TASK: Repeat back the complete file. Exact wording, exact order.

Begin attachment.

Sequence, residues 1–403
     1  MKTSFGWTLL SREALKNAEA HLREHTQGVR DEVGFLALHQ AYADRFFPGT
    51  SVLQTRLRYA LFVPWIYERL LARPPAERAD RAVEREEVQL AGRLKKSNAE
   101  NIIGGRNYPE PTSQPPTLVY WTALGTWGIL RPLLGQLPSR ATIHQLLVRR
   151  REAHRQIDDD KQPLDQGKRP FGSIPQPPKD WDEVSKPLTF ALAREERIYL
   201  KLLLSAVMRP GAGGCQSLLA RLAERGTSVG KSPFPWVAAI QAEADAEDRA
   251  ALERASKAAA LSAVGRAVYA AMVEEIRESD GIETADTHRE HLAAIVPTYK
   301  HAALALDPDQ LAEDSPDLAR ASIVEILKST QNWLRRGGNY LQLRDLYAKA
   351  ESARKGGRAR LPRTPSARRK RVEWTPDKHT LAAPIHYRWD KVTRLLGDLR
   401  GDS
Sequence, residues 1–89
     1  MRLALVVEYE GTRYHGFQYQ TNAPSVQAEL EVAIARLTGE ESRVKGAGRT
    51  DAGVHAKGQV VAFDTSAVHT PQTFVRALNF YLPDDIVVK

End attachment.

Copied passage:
Sequence, residues 1–403
     1  MKTSFGWTLL SREALKNAEA HLREHTQGVR DEVGFLALHQ AYADRFFPGT
    51  SVLQTRLRYA LFVPWIYERL LARPPAERAD RAVEREEVQL AGRLKKSNAE
   101  NIIGGRNYPE PTSQPPTLVY WTALGTWGIL RPLLGQLPSR ATIHQLLVRR
   151  REAHRQIDDD KQPLDQGKRP FGSIPQPPKD WDEVSKPLTF ALAREERIYL
   201  KLLLSAVMRP GAGGCQSLLA RLAERGTSVG KSPFPWVAAI QAEADAEDRA
   251  ALERASKAAA LSAVGRAVYA AMVEEIRESD GIETADTHRE HLAAIVPTYK
   301  HAALALDPDQ LAEDSPDLAR ASIVEILKST QNWLRRGGNY LQLRDLYAKA
   351  ESARKGGRAR LPRTPSARRK RVEWTPDKHT LAAPIHYRWD KVTRLLGDLR
   401  GDS
Sequence, residues 1–89
     1  MRLALVVEYE GTRYHGFQYQ TNAPSVQAEL EVAIARLTGE ESRVKGAGRT
    51  DAGVHAKGQV VAFDTSAVHT PQTFVRALNF YLPDDIVVK